Cornus canadensis – Tiny insects can trigger an explosive opening of mature bunchberry flowers, and are showered with pollen as they fly away.

Other names

  • In LatinCornus canadensis L., or Chamaepericlymenum canadense (L.) Aschers & Graebn;
  • In English: crackerberry, dwarf dogwood, dwarf cornel, puddingberry, pigeonberry
  • In French: quatre-temps, cornouiller du Canada, pain d’oiseaux, rougets
  • In Chipewyan: jíkonaze
  • In Cree: pihew mina (“grouse berry”), kawiskowimin (“itchy chin berry”)
  • In Slave: glon dzhi (“squirrel berry”), tsie ali


CORNACEAE (Dogwood family)


Form: Like a Pacific dogwood in miniature, the bunchberry has erect flowering stems, entire leaves that have only a few main veins, and numerous small flowers surrounded by the conspicuous petal-like white bracts. Stems are 8 to 15 cm tall. Plants grow from slender creeping rhizomes, carpeting the forest floor in moist coniferous woods.

  • Leaves: Each stem has 4 or 6 smooth-edged leaves at the summit of the stem. These upper leaves are green above and whitish beneath. They are oblong, egg-shaped and pointed, and about 3 to 8 cm long. A characteristic feature is the way the lateral veins arise from the midvein in the lower third of the leaf. Another, smaller pair of leaves is found at about the middle of the stem.
  • Flowers: What looks like the flower of this plant is in fact not the flower but bracts (modified leaves). The four creamy-white bracts 10 to 25 mm long surround the cluster of true flowers, which are found in the button-like disk at the centre. Each tiny white or greenish flower has 4 tiny petals, 4 stamens and a straight pistil.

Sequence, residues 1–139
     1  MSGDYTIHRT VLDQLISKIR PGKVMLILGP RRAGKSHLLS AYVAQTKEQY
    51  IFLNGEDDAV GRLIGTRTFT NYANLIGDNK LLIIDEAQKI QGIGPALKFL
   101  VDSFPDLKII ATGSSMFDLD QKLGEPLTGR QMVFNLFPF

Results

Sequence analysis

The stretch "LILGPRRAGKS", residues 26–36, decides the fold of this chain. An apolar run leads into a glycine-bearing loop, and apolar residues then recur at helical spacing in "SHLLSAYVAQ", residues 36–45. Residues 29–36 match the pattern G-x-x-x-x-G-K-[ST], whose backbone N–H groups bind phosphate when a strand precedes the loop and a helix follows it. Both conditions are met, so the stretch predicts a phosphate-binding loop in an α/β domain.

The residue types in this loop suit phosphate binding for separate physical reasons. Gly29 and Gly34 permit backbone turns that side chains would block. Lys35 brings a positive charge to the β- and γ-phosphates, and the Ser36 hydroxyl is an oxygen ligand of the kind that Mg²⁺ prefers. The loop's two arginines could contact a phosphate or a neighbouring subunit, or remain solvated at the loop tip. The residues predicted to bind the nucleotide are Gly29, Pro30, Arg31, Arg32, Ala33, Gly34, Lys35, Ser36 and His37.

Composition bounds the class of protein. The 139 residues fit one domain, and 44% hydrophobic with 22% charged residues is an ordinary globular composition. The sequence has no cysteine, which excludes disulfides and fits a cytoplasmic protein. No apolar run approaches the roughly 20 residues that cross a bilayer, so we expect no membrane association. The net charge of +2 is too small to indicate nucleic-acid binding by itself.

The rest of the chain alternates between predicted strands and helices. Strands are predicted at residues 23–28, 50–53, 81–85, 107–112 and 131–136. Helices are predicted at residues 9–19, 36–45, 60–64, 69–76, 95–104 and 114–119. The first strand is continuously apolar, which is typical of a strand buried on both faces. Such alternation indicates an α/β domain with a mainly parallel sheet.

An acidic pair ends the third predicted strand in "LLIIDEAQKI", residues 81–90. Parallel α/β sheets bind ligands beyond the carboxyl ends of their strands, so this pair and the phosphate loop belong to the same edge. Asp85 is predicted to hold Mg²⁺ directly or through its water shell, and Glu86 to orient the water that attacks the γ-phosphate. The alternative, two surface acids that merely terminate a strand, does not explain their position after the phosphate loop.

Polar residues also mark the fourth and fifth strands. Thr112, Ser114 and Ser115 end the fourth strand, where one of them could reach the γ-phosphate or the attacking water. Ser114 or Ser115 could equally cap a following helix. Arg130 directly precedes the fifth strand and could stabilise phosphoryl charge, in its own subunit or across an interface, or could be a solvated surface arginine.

Open flowers can be recognized because the black stigma at the base of the pistil (female part of flower that later forms a berry) is then visible in the centre of each flower. So, white flower buds = closed flowers, and black spots = open flowers.

  • Fruit: The berries are a brilliant scarlet-red, developing by August. Each berry, called a ‘drupe’, has a 1-2 seeded stone. The berries are grouped together in a dense head at the top of the stem (hence the common name, bunchberry).


Distributed across Alaska, Yukon, Northwest Territories and Nunavut, in all provinces across Canada and south to Maine, Pennsylvania and California. In the southwest part of British Columbia, west of the Rockies, this species is replaced by western bunchberry (Cornus unalaschkensis Ledeb.). In western bunchberry the tiny petals are at least partly purplish-tinged and the lower leaves are somewhat larger than in Canada bunchberry (Cornus canadensis). (Please report flowering for either of these species.)


Common in shady and cool, moist woodlands, especially coniferous forests. It often grows on stumps or rotting logs.

How to Observe

Please read description of “Flowers”
1. Mark a plot of bunchberries, about one metre by one metre in size, to observe.
2. Record these dates:
* First bloom: In at least 3 places in the patch of plants under observation the first tiny central flowers have opened completely; in these flowers the black stigmas should be visible between the unfolded petals.
* Full bloom: Approximately half (50%) of the flowers on the plants under observation are open.